Oil prices posted biggest weekly drop since 2008 after coronavirus outbreak has hit world economy

Recap: Oil prices posted their biggest weekly drop since the 2008 global financial crisis after the coronavirus outbreak rocked the world economy while top exporter Saudi Arabia and its allies stepped up plans to flood the market with record levels of supply. Dropping demand and ramped up production will create an enormous inventory in excess of 100 – 125 million barrels a month. It has yet to be seen if the significant drop in prices entices Russia to cooperate with OPEC in a deal to cut production. WTI for April delivery rose 23 cents, or 0.7%, to settle at $31.73 a barrel, while May Brent added 63 cents, or 1.9%, at $33.85 a barrel.  For the week, WTI fell 23%, while Brent lost 25%—with both marking their biggest weekly percentage declines, based on the front-month contracts, since December 2008. April RBOB added 0.2% to 89.92 cents a gallon. Front-month contract prices fell 35% for the week, the largest such drop since trading began for the reformulated gasoline contract in October 2005, according to Dow Jones Market Data. April heating oil settled at $1.1374 a gallon, down 1.9% for the session, losing nearly 18% for the week—the biggest weekly fall since March 2015. 

Technical Analysis:  April WTI broke above the upper line on the descending channel that can be depicted on an hourly chart but remains within the sideways trading pattern set between the range of $36.35 and $30.00. From a technical standpoint, we would look for a run at the top of this formation. Above this formation, additional resistance is set at $37.62, the 10-day moving average. Below the $30.00 level, additional support is at $27.34.

Fundamental News:   Oil analytics firm Vortexa said global observed crude and condensate in floating storage increased to about 70 million barrels at the beginning of this week.  It said 26 million barrels of the total observed floating crude inventory as of March 11th were in Asia, 40% of which is floating near China’s Jiangsu province.   

US crude oil exports are expected to fall by about 1 million bpd in April and May, as Saudi Arabia floods the market with discounted oil. 

Trading sources stated that Saudi Arabia is flooding Europe with oil at prices as low as $25/barrel, specifically targeting big refiners of Russian oil. 

Saudi Arabia’s national shipping firm, Bahri, has provisionally chartered up to 31 supertankers, up from 19 vessels sought earlier this week.  Each of the vessels can carry a maximum of 2 million barrels of oil.  Shipping data showed Bahri had fully concluded charters for 12 of those tankers so far, which would equate to 24 million barrels of oil.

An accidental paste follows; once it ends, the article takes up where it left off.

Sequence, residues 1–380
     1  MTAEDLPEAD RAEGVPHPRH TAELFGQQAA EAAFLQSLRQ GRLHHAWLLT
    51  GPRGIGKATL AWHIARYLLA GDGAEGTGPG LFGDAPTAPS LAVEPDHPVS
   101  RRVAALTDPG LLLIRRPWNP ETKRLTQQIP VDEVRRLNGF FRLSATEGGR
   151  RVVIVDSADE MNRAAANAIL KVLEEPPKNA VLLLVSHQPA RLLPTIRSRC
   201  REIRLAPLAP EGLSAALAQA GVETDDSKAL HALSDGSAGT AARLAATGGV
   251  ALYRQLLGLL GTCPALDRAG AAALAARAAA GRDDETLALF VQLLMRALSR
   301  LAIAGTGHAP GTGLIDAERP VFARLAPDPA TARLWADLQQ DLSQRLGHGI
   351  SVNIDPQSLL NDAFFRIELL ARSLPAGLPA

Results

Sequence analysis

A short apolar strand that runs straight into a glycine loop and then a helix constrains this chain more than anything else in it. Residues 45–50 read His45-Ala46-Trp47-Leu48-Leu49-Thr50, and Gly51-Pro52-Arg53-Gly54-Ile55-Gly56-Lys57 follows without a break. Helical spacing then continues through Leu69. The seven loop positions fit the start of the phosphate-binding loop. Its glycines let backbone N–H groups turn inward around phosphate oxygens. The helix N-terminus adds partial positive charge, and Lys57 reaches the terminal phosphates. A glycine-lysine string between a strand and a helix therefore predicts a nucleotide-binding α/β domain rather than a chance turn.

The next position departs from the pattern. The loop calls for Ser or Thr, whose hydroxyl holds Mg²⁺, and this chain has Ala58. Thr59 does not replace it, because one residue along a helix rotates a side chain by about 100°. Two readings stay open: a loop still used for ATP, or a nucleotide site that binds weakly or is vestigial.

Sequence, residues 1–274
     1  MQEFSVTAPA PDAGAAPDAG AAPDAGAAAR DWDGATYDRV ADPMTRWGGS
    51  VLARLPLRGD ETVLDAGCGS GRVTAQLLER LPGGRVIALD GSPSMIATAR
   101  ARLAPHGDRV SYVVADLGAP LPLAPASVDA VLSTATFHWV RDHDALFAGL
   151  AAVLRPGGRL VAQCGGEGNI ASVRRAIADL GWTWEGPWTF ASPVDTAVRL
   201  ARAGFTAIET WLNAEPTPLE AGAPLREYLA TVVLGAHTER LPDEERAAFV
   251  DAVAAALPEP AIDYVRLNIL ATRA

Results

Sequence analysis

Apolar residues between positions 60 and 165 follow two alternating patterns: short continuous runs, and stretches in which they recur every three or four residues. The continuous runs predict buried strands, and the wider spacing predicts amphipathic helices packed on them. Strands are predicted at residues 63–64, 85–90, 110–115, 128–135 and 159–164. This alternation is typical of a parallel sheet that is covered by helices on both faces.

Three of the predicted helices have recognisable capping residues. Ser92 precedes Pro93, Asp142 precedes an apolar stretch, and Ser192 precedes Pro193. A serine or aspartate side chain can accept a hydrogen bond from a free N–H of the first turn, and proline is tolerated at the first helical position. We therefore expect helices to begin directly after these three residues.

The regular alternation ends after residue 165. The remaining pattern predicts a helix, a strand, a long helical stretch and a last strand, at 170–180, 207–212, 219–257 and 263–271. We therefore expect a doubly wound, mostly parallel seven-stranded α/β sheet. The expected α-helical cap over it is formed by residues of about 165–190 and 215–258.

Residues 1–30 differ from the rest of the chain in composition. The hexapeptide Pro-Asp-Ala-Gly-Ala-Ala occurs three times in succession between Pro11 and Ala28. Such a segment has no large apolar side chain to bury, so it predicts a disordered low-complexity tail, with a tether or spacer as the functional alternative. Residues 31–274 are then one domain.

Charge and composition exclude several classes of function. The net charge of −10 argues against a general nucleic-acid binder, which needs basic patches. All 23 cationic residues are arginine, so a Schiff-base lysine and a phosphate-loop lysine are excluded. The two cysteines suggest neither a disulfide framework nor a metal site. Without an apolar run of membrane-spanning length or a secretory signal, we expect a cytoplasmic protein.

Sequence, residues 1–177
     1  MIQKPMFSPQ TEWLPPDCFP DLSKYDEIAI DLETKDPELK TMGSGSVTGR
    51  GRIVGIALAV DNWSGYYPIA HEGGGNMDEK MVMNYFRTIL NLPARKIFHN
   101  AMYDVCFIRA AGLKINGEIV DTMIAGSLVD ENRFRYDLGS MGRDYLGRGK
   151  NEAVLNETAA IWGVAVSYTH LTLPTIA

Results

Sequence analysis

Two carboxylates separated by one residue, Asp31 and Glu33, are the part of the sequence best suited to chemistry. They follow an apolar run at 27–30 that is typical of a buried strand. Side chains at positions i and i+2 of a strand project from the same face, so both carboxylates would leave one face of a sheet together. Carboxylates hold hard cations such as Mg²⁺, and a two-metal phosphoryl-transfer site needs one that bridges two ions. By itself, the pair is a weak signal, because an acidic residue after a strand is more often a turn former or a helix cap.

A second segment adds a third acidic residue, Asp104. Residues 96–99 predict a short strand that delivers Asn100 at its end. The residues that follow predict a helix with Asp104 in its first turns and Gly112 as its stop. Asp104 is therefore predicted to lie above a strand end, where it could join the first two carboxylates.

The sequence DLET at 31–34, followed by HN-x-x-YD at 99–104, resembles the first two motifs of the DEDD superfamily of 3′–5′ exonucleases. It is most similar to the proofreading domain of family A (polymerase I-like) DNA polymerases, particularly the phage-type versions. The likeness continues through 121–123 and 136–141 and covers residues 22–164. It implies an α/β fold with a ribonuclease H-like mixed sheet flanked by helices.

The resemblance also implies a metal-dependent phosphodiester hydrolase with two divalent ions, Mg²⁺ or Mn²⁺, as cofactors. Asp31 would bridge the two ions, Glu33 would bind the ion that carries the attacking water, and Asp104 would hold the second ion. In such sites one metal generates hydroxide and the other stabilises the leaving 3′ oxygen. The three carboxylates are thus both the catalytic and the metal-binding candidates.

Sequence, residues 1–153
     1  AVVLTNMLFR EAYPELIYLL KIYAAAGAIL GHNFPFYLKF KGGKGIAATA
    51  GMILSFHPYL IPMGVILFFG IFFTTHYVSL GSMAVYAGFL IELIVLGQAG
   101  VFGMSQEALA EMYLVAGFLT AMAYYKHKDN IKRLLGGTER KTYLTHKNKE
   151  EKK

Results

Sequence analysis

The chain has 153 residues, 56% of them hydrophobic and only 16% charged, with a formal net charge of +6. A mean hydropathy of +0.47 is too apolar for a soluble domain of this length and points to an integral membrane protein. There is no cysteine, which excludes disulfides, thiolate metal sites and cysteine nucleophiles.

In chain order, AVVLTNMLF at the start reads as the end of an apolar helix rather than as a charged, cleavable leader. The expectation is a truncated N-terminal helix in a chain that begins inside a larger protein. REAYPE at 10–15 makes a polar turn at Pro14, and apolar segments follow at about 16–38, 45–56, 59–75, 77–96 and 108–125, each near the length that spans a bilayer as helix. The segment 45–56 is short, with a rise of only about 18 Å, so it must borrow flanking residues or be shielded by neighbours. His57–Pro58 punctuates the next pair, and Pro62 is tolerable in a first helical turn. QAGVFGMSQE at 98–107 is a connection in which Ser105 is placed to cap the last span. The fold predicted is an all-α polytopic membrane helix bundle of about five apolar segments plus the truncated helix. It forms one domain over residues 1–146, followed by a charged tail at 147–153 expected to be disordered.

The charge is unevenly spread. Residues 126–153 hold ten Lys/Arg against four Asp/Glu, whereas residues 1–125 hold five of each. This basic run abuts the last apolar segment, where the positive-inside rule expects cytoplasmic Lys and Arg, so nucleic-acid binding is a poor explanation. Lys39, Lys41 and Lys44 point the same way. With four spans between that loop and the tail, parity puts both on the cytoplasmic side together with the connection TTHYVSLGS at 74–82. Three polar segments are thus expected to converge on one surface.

Baker Hughes reported that the number of rigs searching for oil increased by 1 to 683 in the week ending March 13th. 

Saudi Arabia will supply additional oil volumes next month to all customers in Europe who asked for an increase following a deep cut to Saudi official selling prices. 

Goldman Sachs said the oil market could see a record surplus of about 6 million bpd by April, considering a larger than expected increase in low-cost output, while a decline in demand was “increasingly broad” triggered by the coronavirus outbreak.  The bank pegged the demand loss due to the coronavirus outbreak at about 4.5 million bpd, though it also pointed to some signs of improving Chinese oil demand.  Global demand growth would see a reduction of about 310,000 bpd in 2021 and comfortably offset any fast supply response from high cost producers, especially with the shale output now forecast to fall by 900,000 bpd in the first quarter of 2021. 

Russia’s Energy Minister, Alexander Novak, said Russia sees no grounds for returning to discussions with its OPEC+ partners.  He said Russia can increase its oil production by 200,000 bpd in April. 

Early Market Call – as of 9:00 AM EDT

WTI – Apr $29.27, down $2.42

RBOB – Apr $.6936, down 20.42 cents

HO – Apr $1.0394, down 9.83 cents

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